The mostly inexpensive Tex-Mex fare from this popular Texas-based chain rarely rises above the expectations of a fast food restaurant

After my initial visit to Fuzzy's Taco Shop, my first thought was, “Wow, I haven't had a meal like that for a long time!” My second thought was, “Wow, I hope I don't have another meal like that for a long time!”

That night, the mostly well-intentioned staff got most of my order wrong, and when I was served the right items, some of those still seemed wrong.

This included a one-note House Margarita,dispensed from a slushie machine, that resembles frozen limeade but at least is inexpensive (18 ounces for $6.50); a “Primo” margarita that isn't inexpensive ($9.75), but should be; tacos with chewy Shredded Brisket ($2.79) and so-so Spicy Pork ($2.29) that paired well with the margaritas only because they were nearly as chilly; and dishes that had me calling Fuzzy's home base — Texas — the “Lone Salt State.”

Except for a Grilled Veggie Salad ($7) that put the “sad” in “salad,” subsequent visits resulted in generally better experiences. During those meals, I was served fairly average Tex-Mex fare in a place bright enough to perform surgery, but with tables that say “Eat Me” on them and are topped with bottles of something called “Fuzzy's Butt Burnin' Hot Sauce.”

Based on a press release from Fuzzy's promising “uniquely flavorful foods” served in a “fun atmosphere” by a business that's “earned a cult-like following,” this fell short of my expectations. Because, even though it inhabits the (aggressively redecorated) space occupied for decades by the former Japanese Steak House, the first Columbus link in the over-100-member Fuzzy's chain is in essence a fast food-style restaurant with a bar.

Make that a fast food-style restaurant where diners are handed a buzzer after ordering at the counter and must wait for it to activate to get their food. In my experiences, without explanation, items were sometimes brought to my table before and after the buzzer went off, and sometimes I had to fetch food or drinks myself.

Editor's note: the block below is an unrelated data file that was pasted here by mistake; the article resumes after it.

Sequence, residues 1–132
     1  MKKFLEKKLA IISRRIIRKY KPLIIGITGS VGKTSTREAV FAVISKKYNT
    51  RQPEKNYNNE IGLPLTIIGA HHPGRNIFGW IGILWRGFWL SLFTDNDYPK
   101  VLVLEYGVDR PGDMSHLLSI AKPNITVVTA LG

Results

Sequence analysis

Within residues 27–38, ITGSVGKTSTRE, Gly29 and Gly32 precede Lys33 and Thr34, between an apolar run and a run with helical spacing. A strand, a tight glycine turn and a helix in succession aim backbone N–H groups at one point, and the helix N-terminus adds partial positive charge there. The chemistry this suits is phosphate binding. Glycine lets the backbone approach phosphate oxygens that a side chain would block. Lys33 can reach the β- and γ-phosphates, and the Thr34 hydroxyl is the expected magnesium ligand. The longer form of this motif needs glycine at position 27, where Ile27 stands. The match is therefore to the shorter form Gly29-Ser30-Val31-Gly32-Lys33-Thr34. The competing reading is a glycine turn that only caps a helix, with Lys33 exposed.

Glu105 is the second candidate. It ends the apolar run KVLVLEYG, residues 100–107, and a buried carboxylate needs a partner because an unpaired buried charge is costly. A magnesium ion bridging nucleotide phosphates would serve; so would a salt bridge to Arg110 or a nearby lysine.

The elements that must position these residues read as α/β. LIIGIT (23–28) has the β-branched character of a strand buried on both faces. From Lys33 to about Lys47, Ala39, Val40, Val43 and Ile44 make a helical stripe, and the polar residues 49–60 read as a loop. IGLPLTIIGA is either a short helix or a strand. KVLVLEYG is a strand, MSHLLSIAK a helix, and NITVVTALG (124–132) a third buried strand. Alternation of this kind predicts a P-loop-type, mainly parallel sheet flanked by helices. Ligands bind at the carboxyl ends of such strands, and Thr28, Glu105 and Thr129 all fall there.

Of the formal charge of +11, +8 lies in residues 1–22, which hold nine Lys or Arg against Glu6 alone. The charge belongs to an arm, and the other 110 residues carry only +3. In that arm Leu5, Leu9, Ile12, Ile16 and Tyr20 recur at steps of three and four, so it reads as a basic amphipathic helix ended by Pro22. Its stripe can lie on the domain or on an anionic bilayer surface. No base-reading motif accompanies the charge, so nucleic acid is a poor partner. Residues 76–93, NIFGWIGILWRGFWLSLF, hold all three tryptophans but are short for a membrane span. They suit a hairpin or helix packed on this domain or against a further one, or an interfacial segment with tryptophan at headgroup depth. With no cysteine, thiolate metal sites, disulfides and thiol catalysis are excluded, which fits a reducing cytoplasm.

One of the better main dishes I sampled was the Migas ($7). Part of Fuzzy's all-day breakfast menu, it's a sizable platter of eggs scrambled with chorizo, pico de gallo and tortilla strips. The OK-tasting sides could've used fine-tuning: stiff refried beans topped with shredded cheese plus “Latin-fried potatoes,” which are cubes that are nicely browned but textured like mini marshmallows.

Although not part of my actual order, the Fajita Beef Burrito ($8) I was served turned out to be a highlight. It's big and filled with warm flavorful meat accompanied by plenty of rice, a few black beans, shredded cheese, guacamole, house garlic sauce, tomatoes and onions.

The Enchilada Plate ($7) falls in the same “adequate value” category. Two relatively supple tortilla tubes with a choice of filling ? I went with innocuous shredded chicken — are swamped in melted cheese and tangy salsa verde. The price also affords diners a choice of two sides.

The best sides I tried were the soupy Black Beans flavored with onions and peppers, and the accurately named Cilantro-Lime Rice. The sides I liked least were the alarmingly salty Borracho Beans and the nondescript Mix-Mex Fried Rice.

Fuzzy's tacos are garnished with lettuce, shredded cheese, tomatoes, garlic sauce, feta and cilantro. I tried four; none arrived even warm. The most interesting one had thickly battered little fried shrimp, bacon, brown-edged avocado chunks plus a Sriracha-based sauce (California Heat Taco, $3.49).

Fuzzy's also offers 16 beers on tap. The selection isn't world-class, but the brews are poured into 18-ounce glasses and are generally inexpensive (Miller Lite, $4.25). Add an order of thin, house-fried tortilla chips dusted in a barbecue-style spice mix sided with a decent queso and chorizo dip ($5) and, well, you can do worse.